According to Donald Trump’s niece, Mary, the eventual president paid someone to take his college entrance exam for him. Mary Trump revealed the detail in her new book Too Much and Never Enough: How My Family Created the World’s Most Dangerous Man, which is slated to be released on July 14, after the publisher (Simon & Schuster) moved up the release date by two weeks amidst a legal battle over the work. In her book, Mary writes that Donald eventually began to practice “cheating as a way of life” — which definitely seems supported by the public evidence of his behavior, like his repeated breaches of contracts while a businessman and his repeated attempts to operate outside of the law as president.
Donald Trump paid someone to take the SAT on his behalf, his niece Mary Trump writes. https://t.co/izPbIm2c1C
— Rebecca Ballhaus (@rebeccaballhaus) July 7, 2020
Meanwhile, The New York Times explains:
‘As a high school student in Queens, Ms. Trump writes, Donald Trump paid someone to take a precollegiate test, the SAT, on his behalf. The high score the proxy earned for him, Ms. Trump adds, helped the young Mr. Trump to later gain admittance as an undergraduate to the University of Pennsylvania’s prestigious Wharton business school.’
As the Times notes, Trump ‘has often boasted about attending Wharton, which he has referred to as “the best school in the world” and “super genius stuff,”‘ but he’s never exactly revealed that he got in partly thanks to paying someone else to take a college entrance exam for him.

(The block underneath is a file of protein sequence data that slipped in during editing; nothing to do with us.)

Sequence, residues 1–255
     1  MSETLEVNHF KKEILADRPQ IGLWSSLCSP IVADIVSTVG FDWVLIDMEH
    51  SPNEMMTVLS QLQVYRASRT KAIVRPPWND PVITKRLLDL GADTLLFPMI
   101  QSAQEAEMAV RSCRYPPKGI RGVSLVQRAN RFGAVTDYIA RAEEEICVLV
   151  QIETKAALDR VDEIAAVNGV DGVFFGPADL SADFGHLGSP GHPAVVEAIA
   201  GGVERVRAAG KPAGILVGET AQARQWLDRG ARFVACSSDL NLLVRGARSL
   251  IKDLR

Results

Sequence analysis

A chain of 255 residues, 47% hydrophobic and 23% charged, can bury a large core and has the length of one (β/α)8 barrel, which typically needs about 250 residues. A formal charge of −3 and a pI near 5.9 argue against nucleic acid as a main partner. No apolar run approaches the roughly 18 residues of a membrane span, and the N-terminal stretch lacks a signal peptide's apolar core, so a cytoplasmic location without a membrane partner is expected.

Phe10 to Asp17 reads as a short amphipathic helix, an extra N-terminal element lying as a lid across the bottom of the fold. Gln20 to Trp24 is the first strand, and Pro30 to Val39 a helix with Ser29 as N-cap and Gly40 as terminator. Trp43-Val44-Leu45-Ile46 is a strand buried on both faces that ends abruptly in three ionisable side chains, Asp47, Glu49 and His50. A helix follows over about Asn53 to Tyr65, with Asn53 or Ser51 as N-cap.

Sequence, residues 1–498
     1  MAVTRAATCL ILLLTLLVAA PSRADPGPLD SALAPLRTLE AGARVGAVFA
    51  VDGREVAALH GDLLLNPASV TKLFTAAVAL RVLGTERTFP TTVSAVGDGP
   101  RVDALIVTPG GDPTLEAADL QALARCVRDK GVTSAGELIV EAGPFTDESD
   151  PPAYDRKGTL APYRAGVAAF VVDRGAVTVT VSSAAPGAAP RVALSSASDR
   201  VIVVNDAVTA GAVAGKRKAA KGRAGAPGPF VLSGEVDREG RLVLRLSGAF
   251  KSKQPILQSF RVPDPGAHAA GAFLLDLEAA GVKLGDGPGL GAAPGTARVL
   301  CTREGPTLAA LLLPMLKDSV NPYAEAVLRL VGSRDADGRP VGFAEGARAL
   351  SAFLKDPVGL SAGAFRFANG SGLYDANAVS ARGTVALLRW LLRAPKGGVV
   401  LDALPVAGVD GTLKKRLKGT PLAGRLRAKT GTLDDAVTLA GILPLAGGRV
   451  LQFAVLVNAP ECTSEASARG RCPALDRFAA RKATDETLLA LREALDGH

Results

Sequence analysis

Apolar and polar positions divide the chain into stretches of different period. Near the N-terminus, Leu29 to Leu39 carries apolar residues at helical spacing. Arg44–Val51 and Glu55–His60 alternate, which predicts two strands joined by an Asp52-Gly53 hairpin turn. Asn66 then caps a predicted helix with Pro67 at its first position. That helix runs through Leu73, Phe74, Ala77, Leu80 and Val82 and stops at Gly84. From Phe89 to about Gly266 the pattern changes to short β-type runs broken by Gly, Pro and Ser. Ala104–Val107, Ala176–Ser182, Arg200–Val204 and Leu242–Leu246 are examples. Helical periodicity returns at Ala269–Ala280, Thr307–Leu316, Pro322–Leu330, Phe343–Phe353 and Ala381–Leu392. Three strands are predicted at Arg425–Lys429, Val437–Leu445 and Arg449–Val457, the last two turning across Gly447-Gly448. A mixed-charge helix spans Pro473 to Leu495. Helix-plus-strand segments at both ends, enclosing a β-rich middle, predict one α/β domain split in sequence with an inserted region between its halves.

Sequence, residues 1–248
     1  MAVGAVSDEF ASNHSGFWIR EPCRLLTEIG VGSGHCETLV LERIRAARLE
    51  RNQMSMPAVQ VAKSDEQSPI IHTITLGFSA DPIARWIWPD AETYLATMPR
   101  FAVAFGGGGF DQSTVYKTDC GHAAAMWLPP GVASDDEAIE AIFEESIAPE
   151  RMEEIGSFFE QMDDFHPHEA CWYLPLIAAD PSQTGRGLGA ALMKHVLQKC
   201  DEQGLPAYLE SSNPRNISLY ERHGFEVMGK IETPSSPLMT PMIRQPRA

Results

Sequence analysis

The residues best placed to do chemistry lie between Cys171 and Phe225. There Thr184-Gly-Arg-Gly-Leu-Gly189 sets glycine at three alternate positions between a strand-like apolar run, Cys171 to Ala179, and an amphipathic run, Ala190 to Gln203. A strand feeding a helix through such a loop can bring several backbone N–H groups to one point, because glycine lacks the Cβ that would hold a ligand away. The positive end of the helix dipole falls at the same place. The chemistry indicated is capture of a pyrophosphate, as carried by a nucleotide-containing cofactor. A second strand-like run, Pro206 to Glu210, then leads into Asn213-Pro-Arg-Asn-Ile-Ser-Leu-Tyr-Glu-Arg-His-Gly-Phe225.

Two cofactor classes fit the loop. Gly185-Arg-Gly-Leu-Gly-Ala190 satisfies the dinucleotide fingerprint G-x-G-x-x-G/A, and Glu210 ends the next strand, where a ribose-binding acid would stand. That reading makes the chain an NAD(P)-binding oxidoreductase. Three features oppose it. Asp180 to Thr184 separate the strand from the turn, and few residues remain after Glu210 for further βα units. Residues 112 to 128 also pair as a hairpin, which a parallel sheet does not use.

The Trump family has tried to block Mary Trump’s book from publication. Donald’s younger brother, Robert, filed a request for the New York Supreme Court to block the book on account of a nondisclosure agreement that Mary signed almost two decades ago as part of a family dispute. At the time, Mary and her brother, Fred Trump III, alleged that family members had unfairly pressured Fred Trump Sr. into keeping their part of his will at a minimum. More recently, Donald himself has vocally supported the idea that Mary Trump’s book should never be published, although the appeals division of the New York Supreme Court ruled recently that Simon & Schuster was not bound by the same terms as Mary Trump, helping clear the way for the book.